Despair and Dinner Parties - Advice from the 1830s

Most admirable ADVICE from the 1830s.

Mrs Finnegan’s Chronicles: the Celebrated Authority in affairs of the HEART and HOUSEHOLD MANAGEMENT

My door is always open for advice…
I have lately taken up residence as Housekeeper at The Regency Town House in West Brighton and been given a ROOM OF SWEET DELIGHT as the etching above reveals. In short I am a happy woman: the sun is shining on Brunswick Square, King William is hale and hearty and if I stand on a chair in my room I do believe I can see the sea. 
I am also something else. I can announce that Catheen Finnegan, sometime housekeeper, sometime companion, long time widow has taken on the mantle of advice-giver to the gentry and confidante to the forlorn. 
It was a role I was born to play. Already I have two letters seeking my assistance….
I am a delicate young woman from a good family of a profoundly sensitive nature. Friends complain that I am not a cheerful companion and I do confess to fits of melancholy when contemplating the cares of the world. How can I be as frivolous as society demands? 
Despairing and Deeply Soulful, Portslade Village
Oh I do pity you, for it is clear that you bear the weight of many burdens that the rest of the common herd – among whom I include myself – are able to throw off with a sigh. I have been given the following recipe which will help when you are in low spirits.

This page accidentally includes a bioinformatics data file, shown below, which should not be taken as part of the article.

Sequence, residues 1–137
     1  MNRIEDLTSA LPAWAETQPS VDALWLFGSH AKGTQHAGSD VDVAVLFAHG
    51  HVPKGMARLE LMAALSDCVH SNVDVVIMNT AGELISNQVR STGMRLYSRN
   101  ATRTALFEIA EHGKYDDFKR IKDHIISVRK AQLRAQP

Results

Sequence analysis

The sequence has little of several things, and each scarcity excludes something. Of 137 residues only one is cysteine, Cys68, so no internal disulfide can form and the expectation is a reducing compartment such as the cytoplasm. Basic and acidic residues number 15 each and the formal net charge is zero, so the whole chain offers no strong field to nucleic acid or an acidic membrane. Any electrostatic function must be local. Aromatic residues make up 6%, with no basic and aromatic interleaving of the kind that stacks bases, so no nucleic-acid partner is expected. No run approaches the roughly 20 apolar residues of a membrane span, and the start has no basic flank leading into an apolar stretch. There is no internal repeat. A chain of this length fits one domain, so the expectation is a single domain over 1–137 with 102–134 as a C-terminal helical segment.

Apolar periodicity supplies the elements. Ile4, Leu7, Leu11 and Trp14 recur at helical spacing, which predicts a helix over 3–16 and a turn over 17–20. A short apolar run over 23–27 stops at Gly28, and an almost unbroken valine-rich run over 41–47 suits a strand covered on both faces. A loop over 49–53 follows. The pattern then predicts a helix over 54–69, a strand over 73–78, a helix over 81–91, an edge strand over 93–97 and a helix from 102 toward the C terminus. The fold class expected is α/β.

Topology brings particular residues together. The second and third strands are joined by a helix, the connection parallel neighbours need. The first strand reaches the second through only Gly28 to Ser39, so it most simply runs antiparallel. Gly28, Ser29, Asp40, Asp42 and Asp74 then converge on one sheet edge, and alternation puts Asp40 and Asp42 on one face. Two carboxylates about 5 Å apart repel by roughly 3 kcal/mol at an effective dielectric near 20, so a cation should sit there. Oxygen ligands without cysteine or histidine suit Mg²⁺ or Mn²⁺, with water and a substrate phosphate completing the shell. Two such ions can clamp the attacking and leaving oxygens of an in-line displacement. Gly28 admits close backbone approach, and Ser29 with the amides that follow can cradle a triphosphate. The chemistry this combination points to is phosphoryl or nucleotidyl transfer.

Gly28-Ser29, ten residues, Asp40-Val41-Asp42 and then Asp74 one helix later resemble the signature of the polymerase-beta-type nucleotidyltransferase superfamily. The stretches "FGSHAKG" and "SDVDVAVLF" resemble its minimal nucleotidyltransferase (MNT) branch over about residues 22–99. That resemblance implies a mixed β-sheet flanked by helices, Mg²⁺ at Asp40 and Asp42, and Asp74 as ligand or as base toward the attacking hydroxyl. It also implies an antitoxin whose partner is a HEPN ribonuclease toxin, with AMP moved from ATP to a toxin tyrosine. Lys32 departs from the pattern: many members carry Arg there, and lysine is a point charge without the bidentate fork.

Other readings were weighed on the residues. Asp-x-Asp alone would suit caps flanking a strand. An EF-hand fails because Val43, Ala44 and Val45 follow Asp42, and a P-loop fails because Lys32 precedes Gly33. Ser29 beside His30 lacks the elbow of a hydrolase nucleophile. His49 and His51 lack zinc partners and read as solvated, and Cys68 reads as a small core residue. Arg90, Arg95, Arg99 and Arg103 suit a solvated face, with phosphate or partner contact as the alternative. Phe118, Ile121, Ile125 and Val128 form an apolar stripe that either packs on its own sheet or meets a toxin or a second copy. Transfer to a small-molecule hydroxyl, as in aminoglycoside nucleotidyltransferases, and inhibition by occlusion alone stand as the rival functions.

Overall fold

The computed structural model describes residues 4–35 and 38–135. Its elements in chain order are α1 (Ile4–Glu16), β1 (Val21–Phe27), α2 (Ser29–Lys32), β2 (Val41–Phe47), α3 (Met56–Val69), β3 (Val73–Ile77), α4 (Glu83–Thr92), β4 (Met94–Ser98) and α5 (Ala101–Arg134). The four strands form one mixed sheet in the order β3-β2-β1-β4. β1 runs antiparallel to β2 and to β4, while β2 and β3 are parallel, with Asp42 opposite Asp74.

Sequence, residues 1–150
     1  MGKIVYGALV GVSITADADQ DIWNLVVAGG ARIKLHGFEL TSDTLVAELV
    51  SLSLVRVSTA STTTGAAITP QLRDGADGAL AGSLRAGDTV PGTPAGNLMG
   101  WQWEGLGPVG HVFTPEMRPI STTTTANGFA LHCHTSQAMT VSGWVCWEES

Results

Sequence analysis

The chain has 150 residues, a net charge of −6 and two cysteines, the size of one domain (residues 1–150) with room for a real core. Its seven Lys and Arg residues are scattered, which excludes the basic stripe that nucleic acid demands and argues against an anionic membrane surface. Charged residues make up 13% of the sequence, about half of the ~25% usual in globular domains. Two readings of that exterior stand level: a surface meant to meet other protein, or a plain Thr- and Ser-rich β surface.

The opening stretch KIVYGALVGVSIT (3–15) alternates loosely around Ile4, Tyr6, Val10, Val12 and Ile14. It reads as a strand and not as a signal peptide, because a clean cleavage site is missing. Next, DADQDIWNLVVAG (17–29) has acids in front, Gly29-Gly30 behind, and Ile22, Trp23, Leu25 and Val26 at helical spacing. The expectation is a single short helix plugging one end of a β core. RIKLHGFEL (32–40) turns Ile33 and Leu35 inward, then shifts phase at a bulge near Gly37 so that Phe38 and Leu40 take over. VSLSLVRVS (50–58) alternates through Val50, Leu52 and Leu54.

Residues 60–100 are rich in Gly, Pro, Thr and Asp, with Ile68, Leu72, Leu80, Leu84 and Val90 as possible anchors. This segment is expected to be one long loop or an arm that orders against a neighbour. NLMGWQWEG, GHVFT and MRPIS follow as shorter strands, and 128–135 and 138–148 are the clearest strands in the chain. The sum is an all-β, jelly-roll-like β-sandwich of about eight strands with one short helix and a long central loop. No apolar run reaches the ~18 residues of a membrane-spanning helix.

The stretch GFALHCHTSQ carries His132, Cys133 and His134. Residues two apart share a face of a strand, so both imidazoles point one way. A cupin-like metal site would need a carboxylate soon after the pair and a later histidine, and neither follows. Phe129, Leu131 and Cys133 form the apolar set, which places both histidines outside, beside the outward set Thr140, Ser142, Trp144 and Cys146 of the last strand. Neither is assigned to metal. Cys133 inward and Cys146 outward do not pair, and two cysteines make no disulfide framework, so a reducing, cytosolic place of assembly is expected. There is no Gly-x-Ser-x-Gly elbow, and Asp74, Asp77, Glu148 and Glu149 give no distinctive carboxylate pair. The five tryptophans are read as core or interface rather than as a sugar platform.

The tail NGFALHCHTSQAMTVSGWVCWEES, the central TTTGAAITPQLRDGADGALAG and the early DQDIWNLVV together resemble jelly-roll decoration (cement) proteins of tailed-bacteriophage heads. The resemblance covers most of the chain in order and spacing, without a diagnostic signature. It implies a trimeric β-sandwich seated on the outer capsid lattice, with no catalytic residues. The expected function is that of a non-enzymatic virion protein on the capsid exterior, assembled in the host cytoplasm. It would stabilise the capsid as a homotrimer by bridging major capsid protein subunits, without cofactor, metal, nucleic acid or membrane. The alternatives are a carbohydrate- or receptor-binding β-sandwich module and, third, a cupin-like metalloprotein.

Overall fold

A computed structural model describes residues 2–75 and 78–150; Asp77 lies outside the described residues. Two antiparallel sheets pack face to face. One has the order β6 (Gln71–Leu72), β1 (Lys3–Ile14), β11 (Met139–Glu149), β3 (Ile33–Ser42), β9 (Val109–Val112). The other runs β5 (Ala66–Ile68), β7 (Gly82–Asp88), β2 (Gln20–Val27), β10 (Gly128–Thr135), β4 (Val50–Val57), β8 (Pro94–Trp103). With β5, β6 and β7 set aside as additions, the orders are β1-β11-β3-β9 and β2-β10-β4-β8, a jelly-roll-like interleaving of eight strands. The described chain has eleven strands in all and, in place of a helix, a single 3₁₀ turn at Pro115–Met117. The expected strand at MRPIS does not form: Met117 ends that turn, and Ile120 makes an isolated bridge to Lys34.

Take an oz of the seeds of resolution, mix well with the oil of good conscience; infuse into it a large spoonful of the salts of patience; distill very carefully a composing plant called ‘other’s woes’. 
If it should fail, many find a remedy in walking among those who do not know where tomorrow’s dinner will come. 
Do persevere, my dear. A frown is most aging.
Dinner is not a success in my house. There is no fault with the food, but the rest is not well done. A few tips I pray you. 
Nervous Host, Brighton
I am glad to hear you have a dependable cook, that is the battle half won. In my last position as a companion to an elderly lady, the cook was drunk as a wheelbarrow most of the day.
However, even the best cook’s labour will be lost, if the Parlour-table be not ready for action, and the Eaters ready for the Eatables, which the least delay will IRREPARABLY INJURE. The cloth should be laid in the Parlour, and all the paraphernalia of the dinner-table COMPLETELY arranged, at least HALF AN HOUR before dinner-time.
An invitation to come a five o’clock seems to be generally understood to mean six. Make it very plain that when YOU say five o’clock you mean FIVE O’CLOCK EXACTLY. Dinner may be on the table within 5 minutes after, allowing this for the variation of watches. Better never than late.
I wonder if you have problems with family members who say they will come, but do not? Nothing can be more disobliging than a refusal to dinner which is not grounded on some very strong & avoidable cause. A certificate from a Sheriff’s office, a Doctor or AN UNDERTAKER are the only Pleas which are admissible.
Yours respectfully
PS The cook at The Regency Town House is a man. I’ve heard of them being employed in the fancier houses, but I never thought I would be working with one. Truth to tell, I was quite terrified of meeting him, but he isn’t the least bit French and I can understand every word. His kitchen has a window in the ceiling. It is a modern wonder. 
This is a regular feature created and written with Paul Couchman, The Regency Cook

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